Corporate executives, politicians, and school board leaders agree—Americans must innovate. Innovation experts fuel this demand with books and services that instruct aspiring innovators in best practices, personal habits, and workplace cultures for fostering innovation. But critics have begun to question the unceasing promotion of innovation, pointing out its gadget-centric shallowness, the lack of diversity among innovators, and the unequal distribution of innovation's burdens and rewards. Meanwhile, reformers work to make the training of innovators more inclusive and the outcomes of innovation more responsible.
Does America Need More Innovators? offers an overdue critical exploration of today's global imperative to innovate by bringing together innovation's champions, critics, and reformers in conversation. The book
- presents an overview of innovator training, exploring the history, motivations, and philosophies of programs in private industry, universities, and government;
- offers a primer on critical innovation studies, with essays that historicize, contextualize, and problematize the drive to create innovators; and
- considers initiatives that seek to reform and reshape what it means to be an innovator.
Praise for Does America Need More Innovators?
Today, “innovation” has the same talismanic ring to it as “national security” did during the Cold War. But, as in the past, some experts wonder if too much emphasis is placed on entrepreneurs and innovation. This much-needed volume, with essays from noted champions, skeptics, and critics, offers a critical, scholarly perspective on this vital topic. By the book's end, readers will see that calls for more innovation are embedded in a rich historical, economic, and cultural context.
W. Patrick McCray
Professor, Department of History, University of California, Santa Barbara
In the 20th century, innovation and entrepreneurship were thought of as solitary and heroic individual effort. Now in the 21st century we've developed methodologies, programs, and curricula to help make it scale. This book provides a lively look at the Champions, Critics and Reformers of those programs. It offers important lessons for today's innovators and those who train them.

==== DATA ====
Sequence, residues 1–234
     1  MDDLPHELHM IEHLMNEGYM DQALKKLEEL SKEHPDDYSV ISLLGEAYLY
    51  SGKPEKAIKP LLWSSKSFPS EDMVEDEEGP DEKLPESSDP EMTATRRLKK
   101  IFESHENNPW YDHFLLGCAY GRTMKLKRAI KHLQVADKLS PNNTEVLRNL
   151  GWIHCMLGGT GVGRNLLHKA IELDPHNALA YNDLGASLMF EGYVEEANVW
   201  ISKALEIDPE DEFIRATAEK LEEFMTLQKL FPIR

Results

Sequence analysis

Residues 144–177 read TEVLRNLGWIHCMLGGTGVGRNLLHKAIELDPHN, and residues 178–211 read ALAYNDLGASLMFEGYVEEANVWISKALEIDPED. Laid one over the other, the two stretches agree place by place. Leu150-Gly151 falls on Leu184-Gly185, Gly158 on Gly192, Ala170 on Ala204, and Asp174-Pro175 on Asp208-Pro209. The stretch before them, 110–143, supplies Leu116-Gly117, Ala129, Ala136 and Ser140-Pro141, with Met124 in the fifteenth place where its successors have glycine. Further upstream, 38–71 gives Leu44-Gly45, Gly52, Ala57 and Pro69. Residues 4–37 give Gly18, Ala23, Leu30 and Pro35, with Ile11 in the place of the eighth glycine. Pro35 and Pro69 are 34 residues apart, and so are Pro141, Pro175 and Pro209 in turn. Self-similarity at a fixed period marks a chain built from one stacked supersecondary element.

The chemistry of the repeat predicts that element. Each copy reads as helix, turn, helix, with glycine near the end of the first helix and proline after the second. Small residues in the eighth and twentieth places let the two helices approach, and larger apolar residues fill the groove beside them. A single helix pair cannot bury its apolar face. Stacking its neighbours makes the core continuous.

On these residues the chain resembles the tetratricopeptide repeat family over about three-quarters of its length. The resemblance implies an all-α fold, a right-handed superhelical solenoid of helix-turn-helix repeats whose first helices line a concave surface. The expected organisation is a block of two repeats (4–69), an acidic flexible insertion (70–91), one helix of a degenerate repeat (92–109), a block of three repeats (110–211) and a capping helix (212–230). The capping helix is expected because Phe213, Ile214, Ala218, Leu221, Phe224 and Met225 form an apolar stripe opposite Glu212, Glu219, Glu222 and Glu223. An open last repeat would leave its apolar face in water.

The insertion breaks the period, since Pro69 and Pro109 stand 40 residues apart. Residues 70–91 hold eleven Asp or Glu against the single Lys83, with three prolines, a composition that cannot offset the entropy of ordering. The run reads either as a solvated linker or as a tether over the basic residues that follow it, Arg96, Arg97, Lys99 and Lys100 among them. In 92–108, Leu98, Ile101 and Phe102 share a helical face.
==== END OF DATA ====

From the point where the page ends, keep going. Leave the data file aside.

Entrepreneur, educator, and author of The Startup Owner's Manual
About the Editors
Matthew Wisnioski is Associate Professor of Science, Technology, and Society at Virginia Tech and the author of Engineers for Change: Competing Visions of Technology in 1960s America (MIT Press).
Eric S. Hintz is Historian at the Smithsonian Institution's Lemelson Center for the Study of Invention and Innovation at the National Museum of American History.
Marie Stettler Kleine is a PhD candidate in Science, Technology, and Society at Virginia Tech.
Errol Arkilic, Catherine Ashcraft, Leticia Britos Cavagnaro, W. Bernard Carlson, Lisa D. Cook, Humera Fasihuddin, Maryann Feldman, Erik Fisher, Benoît Godin, Jenn Gustetic, David Guston, Eric S. Hintz, Marie Stettler Kleine, Dutch MacDonald, Mickey McManus, Sebastian Pfotenhauer, Natalie Rusk, Andrew L. Russell, Lucinda M. Sanders, Brenda Trinidad, Lee Vinsel, Matthew Wisnioski
Lemelson Center Studies in Invention and Innovation
Available from the MIT Press
The open access edition of this book was made possible by generous funding from the MIT Libraries.
The Lemelson Center Studies in Invention and Innovation series is supported in part by Barbara Hiatt in honor of Father John Scott, mentor and former President of St. Martin’s University, who had a deep love of American History.